Writer Russell T Davies has been credited as the man responsible for putting Doctor Who back at the heart of Saturday evening TV.
Russell T Davies also writes Doctor Who spin-off Torchwood
When he revived the popular BBC series in 2005 - after a break of 16 years - it was a commercial and critical success.
Davies was appointed lead writer and executive producer, roles he will hand on to Steven Moffat in 2010.
The 45-year-old spent much of his early career working in children's television, but it was his adult drama Queer as Folk which first put him on the map.
Davies, who was appointed an OBE by the Queen last month, answers some of your questions as the current series comes to an end.
What other Doctor Who monsters would you have brought back if you had continued to produce the programme for the next few years?
Huw Thomas, Swansea
That's a good question. I've used a lot of the classics but the Silurians were always very good.
They were a race of lizard people who were the original owners of the Earth. I always thought it was a very clever idea that there was a civilisation before us.
I'm not bringing them back but they're ripe to be returned one day.
Now that you have handed control to Steven Moffat, do you intend to leave him to it, or will you write the occasional episode in the future?
Ben Parkes, Grimsby; Mickey Bean, London; Rob Stickler, Sedgley; Adam Chamberlain, London; Steve O'Brien, Bath; David Foxen, Austria; Susan Pye, Ayr; Rhys Martin, Bankhurst (and more)
I think Steven's more than his own man. He doesn't need me at all.
David Tennant (left) has played Doctor Who since 2005
I won't write for it in the future. I'm done with it.
It's time to move on and I'd hate to be just a ghost haunting the corridors that I used to walk.
And who needs me? Because Steve's brilliant and they've got a thousand million plans. I'll just be old news and it's about time.
What are you going to miss the most after you step down as executive producer?
To be honest, I'll miss the people. They are genuinely brilliant people, our designers and producers and the crew at BBC Wales.
They are fantastic and they're part of the reason I've stayed for so long.
What line of dialogue are you most proud to have written?
Phil Fenerty, Southport
That's tricky. I like all my dialogue!
I did love Donna, played by Catherine Tate, in a show we did two weeks ago called Turn Left.
She said: "You liar, you told me I was special," to Rose, when she feels her life has been betrayed and lied.
I think she delivers that line with such venom - I love that moment.
What was the biggest compromise you had to make in bringing the series back?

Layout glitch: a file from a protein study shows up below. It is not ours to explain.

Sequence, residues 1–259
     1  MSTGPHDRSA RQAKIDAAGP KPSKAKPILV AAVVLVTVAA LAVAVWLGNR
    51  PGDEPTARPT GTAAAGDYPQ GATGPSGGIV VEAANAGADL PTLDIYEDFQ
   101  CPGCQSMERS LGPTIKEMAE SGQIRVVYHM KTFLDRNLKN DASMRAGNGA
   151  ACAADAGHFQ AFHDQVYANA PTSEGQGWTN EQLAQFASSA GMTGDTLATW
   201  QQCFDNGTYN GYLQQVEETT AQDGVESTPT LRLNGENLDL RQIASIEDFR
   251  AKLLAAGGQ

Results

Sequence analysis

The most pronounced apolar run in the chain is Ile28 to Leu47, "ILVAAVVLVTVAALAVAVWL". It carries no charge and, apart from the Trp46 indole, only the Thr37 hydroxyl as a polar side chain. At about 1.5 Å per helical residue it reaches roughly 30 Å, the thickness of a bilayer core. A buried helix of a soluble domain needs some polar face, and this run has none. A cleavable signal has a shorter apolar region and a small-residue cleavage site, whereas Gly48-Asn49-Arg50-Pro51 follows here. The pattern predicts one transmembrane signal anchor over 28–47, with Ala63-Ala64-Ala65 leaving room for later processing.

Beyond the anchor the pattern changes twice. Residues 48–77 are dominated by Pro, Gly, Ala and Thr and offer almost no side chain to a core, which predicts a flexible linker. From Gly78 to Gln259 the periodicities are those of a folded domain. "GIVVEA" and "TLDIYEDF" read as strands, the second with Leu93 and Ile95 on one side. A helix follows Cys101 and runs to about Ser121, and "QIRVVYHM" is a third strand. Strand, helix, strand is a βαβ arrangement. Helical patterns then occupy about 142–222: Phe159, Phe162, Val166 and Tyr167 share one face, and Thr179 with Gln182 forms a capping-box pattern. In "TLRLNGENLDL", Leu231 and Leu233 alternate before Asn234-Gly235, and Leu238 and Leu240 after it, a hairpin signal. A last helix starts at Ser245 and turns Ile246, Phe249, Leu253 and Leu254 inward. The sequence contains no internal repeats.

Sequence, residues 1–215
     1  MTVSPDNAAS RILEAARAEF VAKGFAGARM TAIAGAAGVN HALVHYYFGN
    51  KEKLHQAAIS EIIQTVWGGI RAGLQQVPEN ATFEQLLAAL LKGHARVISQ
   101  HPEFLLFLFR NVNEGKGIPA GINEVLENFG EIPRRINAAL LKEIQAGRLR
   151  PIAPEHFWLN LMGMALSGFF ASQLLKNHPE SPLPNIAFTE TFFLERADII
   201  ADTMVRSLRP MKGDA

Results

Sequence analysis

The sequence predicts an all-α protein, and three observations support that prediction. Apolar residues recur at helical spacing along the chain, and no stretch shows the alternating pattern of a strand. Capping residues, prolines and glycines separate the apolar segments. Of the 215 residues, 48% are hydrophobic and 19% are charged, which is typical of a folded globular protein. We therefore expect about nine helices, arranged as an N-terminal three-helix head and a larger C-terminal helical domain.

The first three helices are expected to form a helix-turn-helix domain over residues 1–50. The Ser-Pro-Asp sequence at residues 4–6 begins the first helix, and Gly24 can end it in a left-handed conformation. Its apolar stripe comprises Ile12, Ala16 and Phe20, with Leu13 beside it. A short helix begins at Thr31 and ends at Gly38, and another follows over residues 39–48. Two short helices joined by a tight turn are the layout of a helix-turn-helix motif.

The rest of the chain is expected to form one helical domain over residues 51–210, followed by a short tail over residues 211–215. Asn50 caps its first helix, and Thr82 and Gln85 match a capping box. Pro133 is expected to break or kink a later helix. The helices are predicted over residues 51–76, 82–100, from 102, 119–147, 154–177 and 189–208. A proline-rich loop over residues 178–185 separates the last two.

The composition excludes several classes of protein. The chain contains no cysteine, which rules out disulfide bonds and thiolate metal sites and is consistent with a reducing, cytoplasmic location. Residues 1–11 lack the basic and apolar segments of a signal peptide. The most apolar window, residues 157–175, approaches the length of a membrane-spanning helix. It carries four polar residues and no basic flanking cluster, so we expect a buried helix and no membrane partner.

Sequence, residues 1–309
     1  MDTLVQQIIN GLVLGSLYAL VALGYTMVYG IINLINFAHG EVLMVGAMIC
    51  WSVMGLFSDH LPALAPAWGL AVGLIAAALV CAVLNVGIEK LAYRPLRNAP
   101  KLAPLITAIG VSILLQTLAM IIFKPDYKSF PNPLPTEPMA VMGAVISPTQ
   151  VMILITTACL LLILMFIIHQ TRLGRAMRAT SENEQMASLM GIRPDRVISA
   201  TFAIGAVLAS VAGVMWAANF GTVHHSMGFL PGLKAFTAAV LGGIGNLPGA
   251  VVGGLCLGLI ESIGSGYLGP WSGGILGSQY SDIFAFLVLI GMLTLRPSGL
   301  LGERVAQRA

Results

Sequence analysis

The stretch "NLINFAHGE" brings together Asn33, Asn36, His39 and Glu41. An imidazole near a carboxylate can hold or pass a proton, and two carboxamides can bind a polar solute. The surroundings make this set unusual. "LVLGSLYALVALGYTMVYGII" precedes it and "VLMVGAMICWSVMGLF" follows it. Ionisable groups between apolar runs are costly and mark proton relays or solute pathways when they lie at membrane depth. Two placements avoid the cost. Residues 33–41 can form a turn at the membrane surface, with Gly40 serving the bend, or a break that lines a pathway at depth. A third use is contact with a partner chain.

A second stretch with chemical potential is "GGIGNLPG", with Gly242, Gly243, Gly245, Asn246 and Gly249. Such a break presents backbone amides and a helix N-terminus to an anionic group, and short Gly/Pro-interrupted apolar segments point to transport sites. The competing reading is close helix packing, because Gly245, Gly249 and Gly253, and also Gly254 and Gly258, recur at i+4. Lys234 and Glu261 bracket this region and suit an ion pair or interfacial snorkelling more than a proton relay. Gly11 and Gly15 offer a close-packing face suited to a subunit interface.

Well, that's tricky because if you watch it, it's not very compromising.
Comic Catherine Tate (right) plays Donna Noble in the series
I thought there'd be a lot of compromise, I thought we'd be compromised on budget.
We could have ended up with no ratings and a Sunday afternoon slot, so absolutely nothing and that really is the honest answer.
We got to make everything that I wanted to make.
How nervous were you before Rose was aired that the show would flop?
Duncan Steele, Aberfoyle
Very nervous. It's hard because I knew what we'd made was good. So I knew I could sleep at night.
I knew even if no one watched it, I could sit there and say I had done a great piece of work.
How frustrating do you find some viewers' appetite for the publication of spoilers?
Tom Murphy, London
Well, it's actually very few people, to be honest. There are some people who like spoilers, and they spoil it for themselves - and they like spoiling it.
It's when they then promote it on a bigger scale and they push those spoilers into the tabloids so the general public get to hear.
I think it's a real shame and I think it undermines all storytelling.
I think the leaking of stories undermines most British drama at the moment. Most soap operas give away their stories months in advance and every soap opera has declining ratings.
Could you please give a hint or two about next year's specials?
Mark Harrison, Middlesbrough
No. Nice try. Not at all.
When you first revived Doctor Who back in 2005 did you imagine having two spin-offs and having such a big fan base?
No way, none of us ever saw this much success coming.
I didn't even envisage a spin-off would be possible.
We're still getting eight million viewers a week, which is a miracle when everyone else's ratings are still going down.
I'm still gobsmacked by that. I can't even get my head round that. I'm still delighted by that every day.
The last episode in the current series of Doctor Who will be screened in the UK on BBC One at 1840 BST on Saturday, 5 July.
Russell T Davies was talking to BBC News entertainment reporter Fiona Pryor.